Consumer Court Clears Hospital and Doctor of Negligence Charges

The patient claimed that the doctor removed several organs without her consent, which worsened her condition and necessitated further treatments
The patient argued that instead of proceeding with the surgery immediately, the doctor should have waited to discuss the hysteroscopy results with her while she was conscious. (Representational image: Pixabay)
The patient argued that instead of proceeding with the surgery immediately, the doctor should have waited to discuss the hysteroscopy results with her while she was conscious. (Representational image: Pixabay)

The District Consumer Disputes Redressal Commission-I, UT Chandigarh, cleared a hospital and its doctor of allegations related to conducting a total laparoscopic hysterectomy without the patient’s consent. The complaint, filed by a patient claiming medical negligence, was dismissed as the court found no evidence supporting the allegations.

The case occurred in 2021, when the patient, suffering from an overactive bladder and weak pelvic floor, consulted Dr. Bansal at the hospital. After an initial consultation, Dr. Bansal recommended a hysteroscopy evaluation, scheduled for two days later. The patient alleged that she was asked to sign consent forms just minutes before the procedure, without a thorough explanation of the potential outcomes. She claimed that the doctor removed several organs without her consent, which worsened her condition and necessitated further treatments.

The patient argued that instead of proceeding with the surgery immediately, the doctor should have waited to discuss the hysteroscopy results with her while she was conscious. After the surgery, she was diagnosed with various complications, including bladder prolapse and inflammation, by doctors at PGIMER, Chandigarh, and Fortis Hospital. She claimed that the initial surgery created additional health issues, leading to further treatments, including 23 sessions of external radiation and 2 sessions of internal radiation.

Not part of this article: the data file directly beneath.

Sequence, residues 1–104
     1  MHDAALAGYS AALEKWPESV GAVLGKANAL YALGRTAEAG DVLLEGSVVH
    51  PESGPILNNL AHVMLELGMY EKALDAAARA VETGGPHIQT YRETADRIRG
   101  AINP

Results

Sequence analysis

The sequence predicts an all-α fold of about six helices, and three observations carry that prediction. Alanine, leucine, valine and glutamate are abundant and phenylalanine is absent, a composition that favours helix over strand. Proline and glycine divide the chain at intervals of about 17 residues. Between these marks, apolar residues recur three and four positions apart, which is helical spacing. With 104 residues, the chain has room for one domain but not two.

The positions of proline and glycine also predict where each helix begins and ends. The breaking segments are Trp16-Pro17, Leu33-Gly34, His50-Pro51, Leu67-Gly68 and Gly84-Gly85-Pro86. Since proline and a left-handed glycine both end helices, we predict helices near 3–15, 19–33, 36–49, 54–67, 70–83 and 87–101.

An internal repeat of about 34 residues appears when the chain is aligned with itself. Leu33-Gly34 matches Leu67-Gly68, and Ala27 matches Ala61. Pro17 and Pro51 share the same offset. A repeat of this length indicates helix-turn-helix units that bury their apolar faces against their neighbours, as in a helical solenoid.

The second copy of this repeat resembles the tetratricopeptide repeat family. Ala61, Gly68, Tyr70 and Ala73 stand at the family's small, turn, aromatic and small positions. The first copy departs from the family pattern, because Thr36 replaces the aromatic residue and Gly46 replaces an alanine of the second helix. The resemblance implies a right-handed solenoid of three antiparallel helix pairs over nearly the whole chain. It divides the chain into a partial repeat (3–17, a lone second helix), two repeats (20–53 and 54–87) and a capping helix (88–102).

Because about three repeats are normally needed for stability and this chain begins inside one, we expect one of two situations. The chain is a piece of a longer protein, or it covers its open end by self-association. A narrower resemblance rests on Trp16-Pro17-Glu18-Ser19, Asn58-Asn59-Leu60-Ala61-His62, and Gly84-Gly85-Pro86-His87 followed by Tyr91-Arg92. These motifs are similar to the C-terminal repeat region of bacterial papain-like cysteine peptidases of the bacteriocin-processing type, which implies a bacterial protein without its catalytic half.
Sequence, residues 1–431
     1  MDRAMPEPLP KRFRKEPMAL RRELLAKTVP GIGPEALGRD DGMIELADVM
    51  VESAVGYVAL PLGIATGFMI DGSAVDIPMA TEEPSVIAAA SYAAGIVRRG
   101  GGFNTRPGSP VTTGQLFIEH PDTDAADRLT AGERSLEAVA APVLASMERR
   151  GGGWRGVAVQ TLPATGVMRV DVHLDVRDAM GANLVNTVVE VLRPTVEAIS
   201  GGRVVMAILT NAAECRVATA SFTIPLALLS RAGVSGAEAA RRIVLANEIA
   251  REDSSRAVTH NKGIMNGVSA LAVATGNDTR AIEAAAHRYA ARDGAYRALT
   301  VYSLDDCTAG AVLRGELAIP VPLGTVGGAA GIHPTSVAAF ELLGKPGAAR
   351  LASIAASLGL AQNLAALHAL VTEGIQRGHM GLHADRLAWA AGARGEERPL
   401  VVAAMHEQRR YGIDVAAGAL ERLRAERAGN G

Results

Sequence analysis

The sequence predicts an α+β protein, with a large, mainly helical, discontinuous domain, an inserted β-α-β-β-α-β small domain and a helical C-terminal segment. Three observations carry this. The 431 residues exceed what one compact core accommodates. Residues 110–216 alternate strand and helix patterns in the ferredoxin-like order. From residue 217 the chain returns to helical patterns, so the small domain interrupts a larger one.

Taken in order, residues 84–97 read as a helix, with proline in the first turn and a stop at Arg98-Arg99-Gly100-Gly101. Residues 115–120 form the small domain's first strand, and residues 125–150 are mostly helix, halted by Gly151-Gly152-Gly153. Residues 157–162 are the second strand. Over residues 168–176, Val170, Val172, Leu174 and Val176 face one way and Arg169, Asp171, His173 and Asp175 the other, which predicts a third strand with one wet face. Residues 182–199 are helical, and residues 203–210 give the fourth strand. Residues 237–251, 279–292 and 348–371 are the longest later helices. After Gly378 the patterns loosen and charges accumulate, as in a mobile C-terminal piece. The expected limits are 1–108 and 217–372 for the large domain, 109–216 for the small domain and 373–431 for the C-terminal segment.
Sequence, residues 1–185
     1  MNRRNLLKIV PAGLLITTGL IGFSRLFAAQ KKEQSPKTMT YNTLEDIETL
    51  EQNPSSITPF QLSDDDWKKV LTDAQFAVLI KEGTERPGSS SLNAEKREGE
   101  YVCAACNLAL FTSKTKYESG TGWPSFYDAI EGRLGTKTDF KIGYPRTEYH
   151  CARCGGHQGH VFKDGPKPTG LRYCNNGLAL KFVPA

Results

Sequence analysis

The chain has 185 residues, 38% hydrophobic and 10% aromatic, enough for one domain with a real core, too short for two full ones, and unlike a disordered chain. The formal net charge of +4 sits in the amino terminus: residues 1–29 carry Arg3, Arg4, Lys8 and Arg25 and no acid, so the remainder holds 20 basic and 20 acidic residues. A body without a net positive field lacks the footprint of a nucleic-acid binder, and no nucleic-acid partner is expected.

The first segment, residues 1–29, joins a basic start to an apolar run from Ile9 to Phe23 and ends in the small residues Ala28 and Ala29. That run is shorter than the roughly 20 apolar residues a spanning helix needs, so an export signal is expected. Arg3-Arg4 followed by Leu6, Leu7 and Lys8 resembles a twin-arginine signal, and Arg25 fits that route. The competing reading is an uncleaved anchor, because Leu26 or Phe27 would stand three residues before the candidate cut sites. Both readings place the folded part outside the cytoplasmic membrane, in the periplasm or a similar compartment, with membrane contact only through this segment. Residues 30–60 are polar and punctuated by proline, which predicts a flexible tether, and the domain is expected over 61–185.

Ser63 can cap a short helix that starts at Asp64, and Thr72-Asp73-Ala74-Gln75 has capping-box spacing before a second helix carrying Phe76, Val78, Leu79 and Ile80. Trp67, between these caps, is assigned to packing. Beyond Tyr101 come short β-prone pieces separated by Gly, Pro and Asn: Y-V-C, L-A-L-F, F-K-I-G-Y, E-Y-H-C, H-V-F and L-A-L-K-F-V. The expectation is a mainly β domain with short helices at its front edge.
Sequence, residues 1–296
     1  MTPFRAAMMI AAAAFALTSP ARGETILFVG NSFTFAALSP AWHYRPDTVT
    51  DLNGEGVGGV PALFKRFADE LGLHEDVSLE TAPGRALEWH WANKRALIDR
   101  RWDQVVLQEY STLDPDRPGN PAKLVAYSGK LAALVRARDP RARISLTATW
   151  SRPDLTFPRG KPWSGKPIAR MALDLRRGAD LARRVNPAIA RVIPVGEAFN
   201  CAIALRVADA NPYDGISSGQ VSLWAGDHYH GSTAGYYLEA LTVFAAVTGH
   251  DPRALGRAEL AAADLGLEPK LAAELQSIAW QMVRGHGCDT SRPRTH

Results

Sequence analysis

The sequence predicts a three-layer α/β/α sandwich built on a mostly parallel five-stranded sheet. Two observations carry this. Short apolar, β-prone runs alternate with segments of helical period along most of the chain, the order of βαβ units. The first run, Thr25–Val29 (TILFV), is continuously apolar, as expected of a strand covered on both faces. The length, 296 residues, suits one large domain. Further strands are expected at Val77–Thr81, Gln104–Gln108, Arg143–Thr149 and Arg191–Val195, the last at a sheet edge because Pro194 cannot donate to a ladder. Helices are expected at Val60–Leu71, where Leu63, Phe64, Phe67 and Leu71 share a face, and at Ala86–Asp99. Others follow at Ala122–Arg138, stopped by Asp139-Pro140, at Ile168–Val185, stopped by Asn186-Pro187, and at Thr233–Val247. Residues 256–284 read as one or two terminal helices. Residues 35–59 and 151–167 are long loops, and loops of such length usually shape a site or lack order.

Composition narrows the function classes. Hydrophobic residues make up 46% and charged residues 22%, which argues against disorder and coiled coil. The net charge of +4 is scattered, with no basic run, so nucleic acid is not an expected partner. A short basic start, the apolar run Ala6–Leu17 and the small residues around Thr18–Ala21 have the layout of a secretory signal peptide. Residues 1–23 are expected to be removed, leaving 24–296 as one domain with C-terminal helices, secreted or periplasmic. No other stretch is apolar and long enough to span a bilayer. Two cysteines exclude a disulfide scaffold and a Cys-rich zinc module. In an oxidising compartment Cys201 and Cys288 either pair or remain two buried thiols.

The doctor also asserted that post-operative care was provided according to standard guidelines. (Representational image: Pixabay)
The doctor also asserted that post-operative care was provided according to standard guidelines. (Representational image: Pixabay)

On the other hand, the hospital and Dr. Bansal maintained that they had fully informed the patient and her son about the procedure and its possible outcomes. They argued that the consent forms were signed with an understanding of the risks involved. They decided to perform the surgery based on the findings of the hysteroscopy, which indicated a lobulated lesion. The surgery included a total laparoscopic hysterectomy with bilateral salpingo-oophorectomy, bilateral pelvic lymph node dissection, and omental sampling.

The doctor also asserted that post-operative care was provided according to standard guidelines. The histopathological test revealed that the patient had adenocarcinoma of the cervix and lower uterine segment, with uninvolved lymph nodes. The pathologist’s findings were discussed in a tumor board meeting at IVY Hospital, which recommended adjuvant chemotherapy and radiation. However, the patient refused chemotherapy and opted for radiotherapy at IVY and Max Hospital, Mohali.

The consumer court, after reviewing the evidence, noted that the consent forms for the surgery were duly signed by the patient and her son. The forms detailed the surgery and its potential complications. The court also rejected the patient’s claims based on consultations with other doctors, as these claims were not supported by affidavits.

(Input from various sources)

(Rehash/ Susmita Bhandary)

The patient argued that instead of proceeding with the surgery immediately, the doctor should have waited to discuss the hysteroscopy results with her while she was conscious. (Representational image: Pixabay)
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